Richard Koo Answers The Most Critical Question About The Western Economies: Is The Deleveraging Over?

In his latest research note, Nomura Chief Economist Richard Koo – who pioneered the concept of “balance-sheet recession” – says he feels the need to respond to those who are saying that the age of private-sector deleveraging in the U.S. is over.

According to Koo, that assertion stems from an incorrect read of the Federal Reserve’s latest Flow of Funds report, released in early December.

The report showed that for the first time since 2007, the financial surplus of the U.S. household sector turned negative. In other words, the value of financial liabilities – or debt – was larger than that of financial assets in the household sector, meaning the net savings of households turned negative.

The graph below shows this shift. The white bars are assets – notice how they have exceeded the red bars (liabilities) since 2007 as households paid down debt in the wake of the collapse of the credit bubble. The blue line shows the difference between the two (assets minus liabilities).

Household sector net savings

Photo: Nomura

The shift to negative net savings in the household sector is supposed to be bullish for the U.S. economy. The implication is that at the end of 2012, households finally started borrowing again – spending again – as opposed to paying off past debts.

Koo, however, suggests that observers are missing the details, which paint a much bleaker picture.

In fact, according to Koo, the way in which the household sector shifted to net negative savings at the end of 2012 has only been observed twice before in recent memory. The first time was following the collapse of the internet bubble in 2000, and the second time was following the collapse of Lehman Brothers in 2008.

Koo writes:

Financial deficit due to drawdown of financial assets

We then have to ask why the broader household sector ran a financial deficit in Q3. The answer can also be found in Figure 1: the fact that the latest white bar is below zero means households drew down financial assets in the quarter.

And that is hardly a good sign. It has happened only three times since 2000, including the present occasion.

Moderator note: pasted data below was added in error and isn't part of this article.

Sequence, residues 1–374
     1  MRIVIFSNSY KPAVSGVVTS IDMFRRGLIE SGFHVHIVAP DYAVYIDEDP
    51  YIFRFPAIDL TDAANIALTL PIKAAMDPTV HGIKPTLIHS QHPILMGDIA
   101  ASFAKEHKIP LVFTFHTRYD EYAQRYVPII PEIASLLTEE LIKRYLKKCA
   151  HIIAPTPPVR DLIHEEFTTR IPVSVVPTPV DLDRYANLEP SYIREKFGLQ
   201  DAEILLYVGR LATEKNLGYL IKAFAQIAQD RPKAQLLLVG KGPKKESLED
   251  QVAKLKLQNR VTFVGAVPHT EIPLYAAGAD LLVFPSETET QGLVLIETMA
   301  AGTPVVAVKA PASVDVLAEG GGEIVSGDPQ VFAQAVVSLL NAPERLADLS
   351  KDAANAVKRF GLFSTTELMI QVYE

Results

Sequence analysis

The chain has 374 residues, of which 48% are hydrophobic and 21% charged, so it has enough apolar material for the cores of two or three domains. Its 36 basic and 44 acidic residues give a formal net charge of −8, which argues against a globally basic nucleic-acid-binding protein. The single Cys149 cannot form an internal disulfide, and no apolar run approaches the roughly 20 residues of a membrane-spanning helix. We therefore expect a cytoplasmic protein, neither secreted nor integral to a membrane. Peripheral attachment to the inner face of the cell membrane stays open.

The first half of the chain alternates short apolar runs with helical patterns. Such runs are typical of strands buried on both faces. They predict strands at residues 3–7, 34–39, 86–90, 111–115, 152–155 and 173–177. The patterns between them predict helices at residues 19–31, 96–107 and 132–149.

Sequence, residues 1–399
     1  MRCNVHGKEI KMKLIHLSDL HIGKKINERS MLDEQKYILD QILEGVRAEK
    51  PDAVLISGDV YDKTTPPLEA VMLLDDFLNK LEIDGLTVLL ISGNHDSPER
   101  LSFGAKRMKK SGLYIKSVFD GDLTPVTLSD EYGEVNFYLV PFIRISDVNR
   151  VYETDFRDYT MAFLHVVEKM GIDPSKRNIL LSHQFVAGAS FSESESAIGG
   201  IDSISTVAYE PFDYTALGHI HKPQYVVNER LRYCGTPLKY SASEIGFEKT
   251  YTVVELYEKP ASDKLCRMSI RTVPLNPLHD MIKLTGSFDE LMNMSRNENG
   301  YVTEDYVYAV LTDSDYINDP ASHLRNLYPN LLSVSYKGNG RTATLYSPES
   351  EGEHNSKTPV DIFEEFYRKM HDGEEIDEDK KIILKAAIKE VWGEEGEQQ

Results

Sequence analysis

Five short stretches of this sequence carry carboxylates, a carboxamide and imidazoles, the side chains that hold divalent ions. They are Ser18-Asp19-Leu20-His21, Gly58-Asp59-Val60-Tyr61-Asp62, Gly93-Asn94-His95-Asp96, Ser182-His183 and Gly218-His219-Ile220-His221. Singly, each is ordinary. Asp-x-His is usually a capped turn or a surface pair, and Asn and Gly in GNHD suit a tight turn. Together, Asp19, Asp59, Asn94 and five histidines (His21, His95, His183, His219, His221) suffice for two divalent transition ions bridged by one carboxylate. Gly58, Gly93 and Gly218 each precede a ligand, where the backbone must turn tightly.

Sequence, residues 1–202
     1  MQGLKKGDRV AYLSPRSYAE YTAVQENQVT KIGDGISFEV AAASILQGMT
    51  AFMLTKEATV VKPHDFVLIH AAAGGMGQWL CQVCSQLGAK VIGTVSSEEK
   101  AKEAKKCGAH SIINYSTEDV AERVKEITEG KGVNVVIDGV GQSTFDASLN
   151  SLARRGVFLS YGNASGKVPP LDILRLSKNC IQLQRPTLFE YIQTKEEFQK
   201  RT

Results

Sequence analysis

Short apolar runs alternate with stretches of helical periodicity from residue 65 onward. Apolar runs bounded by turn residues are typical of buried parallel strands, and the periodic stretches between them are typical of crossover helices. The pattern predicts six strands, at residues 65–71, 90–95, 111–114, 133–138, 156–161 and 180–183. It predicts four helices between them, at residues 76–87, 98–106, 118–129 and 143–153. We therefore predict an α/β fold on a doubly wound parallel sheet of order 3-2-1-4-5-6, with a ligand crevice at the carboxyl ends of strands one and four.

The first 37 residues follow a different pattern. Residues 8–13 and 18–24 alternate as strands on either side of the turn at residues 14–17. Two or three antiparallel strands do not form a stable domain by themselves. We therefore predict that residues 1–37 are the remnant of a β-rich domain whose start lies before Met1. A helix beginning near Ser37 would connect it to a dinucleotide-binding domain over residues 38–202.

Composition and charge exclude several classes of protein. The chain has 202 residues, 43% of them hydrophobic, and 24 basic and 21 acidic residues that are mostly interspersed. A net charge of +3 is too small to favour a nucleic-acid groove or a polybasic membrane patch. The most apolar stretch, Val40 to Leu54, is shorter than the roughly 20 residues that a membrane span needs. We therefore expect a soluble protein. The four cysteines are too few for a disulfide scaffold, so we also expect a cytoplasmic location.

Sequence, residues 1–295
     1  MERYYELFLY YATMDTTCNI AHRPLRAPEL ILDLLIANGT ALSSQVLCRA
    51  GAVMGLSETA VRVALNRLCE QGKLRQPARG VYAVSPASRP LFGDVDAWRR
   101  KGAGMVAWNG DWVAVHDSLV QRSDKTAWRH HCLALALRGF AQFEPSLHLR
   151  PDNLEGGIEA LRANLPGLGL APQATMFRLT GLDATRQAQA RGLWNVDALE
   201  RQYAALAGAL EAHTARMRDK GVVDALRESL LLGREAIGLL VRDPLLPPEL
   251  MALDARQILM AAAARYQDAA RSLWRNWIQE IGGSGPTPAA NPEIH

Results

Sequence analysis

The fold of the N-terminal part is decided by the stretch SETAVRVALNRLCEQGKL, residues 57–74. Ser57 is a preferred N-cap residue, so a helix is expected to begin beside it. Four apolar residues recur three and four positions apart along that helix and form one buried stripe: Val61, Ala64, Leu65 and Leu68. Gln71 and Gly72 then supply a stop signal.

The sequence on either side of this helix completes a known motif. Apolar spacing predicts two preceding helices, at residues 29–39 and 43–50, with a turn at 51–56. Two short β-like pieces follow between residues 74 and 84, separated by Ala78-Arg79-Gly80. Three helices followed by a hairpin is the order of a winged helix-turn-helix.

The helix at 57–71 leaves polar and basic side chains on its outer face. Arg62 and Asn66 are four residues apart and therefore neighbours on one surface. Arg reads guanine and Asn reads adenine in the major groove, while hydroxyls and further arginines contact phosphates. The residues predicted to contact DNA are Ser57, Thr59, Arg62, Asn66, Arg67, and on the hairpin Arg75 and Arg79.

The first instance (barely visible in the graph) was in 2000 Q4, when the Internet bubble collapsed. The second was in 2008 Q4, when the failure of Lehman Brothers sparked a global financial crisis. People faced cash flow problems in both periods and probably were forced to draw down existing savings to make necessary payments.

Consumption driven by asset drawdowns not sustainable

During the bubble period towards the middle of Figure 1, much attention was paid to the fact that the US household savings rate had turned negative. While the sector did run a financial deficit during this period, the deficit was attributable to the fact that the increase in financial liabilities (ie growth in borrowing) was greater than the increase in financial assets (ie growth in savings). There was no drawdown of financial assets.

Hence we need to pay attention to the fact that the latest figure shows only the third drawdown of financial assets since 2000 and that this drawdown is responsible for the financial deficit in the broader household sector. The reason: if household consumption is being financed by the drawdown of financial assets, it is not likely to be sustainable.

This pattern of drawing down financial assets while reducing financial liabilities has been frequently observed in Greece during the last two years and is definitely not a positive development, in my view. 

Meanwhile, Koo notes that the corporate sector in the United States remains a net saver, per the latest Flow of Funds report:

Corporate sector balances

Photo: Nomura

So, what is the outlook for corporate sector releveraging, then?

Koo writes that it’s unlikely to return for several more years:

Even in the aftermath of the Internet bubble collapse, during which the necessary adjustments were far milder, it took 12 quarters—three full years—for corporate sector behaviour to return to pre-bubble norms.

Given that the shock of the housing bubble collapse was several times greater, I suspect that at least several more years will be needed before US companies stop increasing savings and resume borrowing money to expand operations.

And with both the corporate and household sectors refusing to borrow, Koo writes that “fiscal stimulus is currently the only thing preventing the US economy from falling into a deflationary spiral, since both households and businesses are increasing savings in spite of zero interest rates.”

Bottom line: Koo thinks the releveraging argument is “premature,” to say the least.

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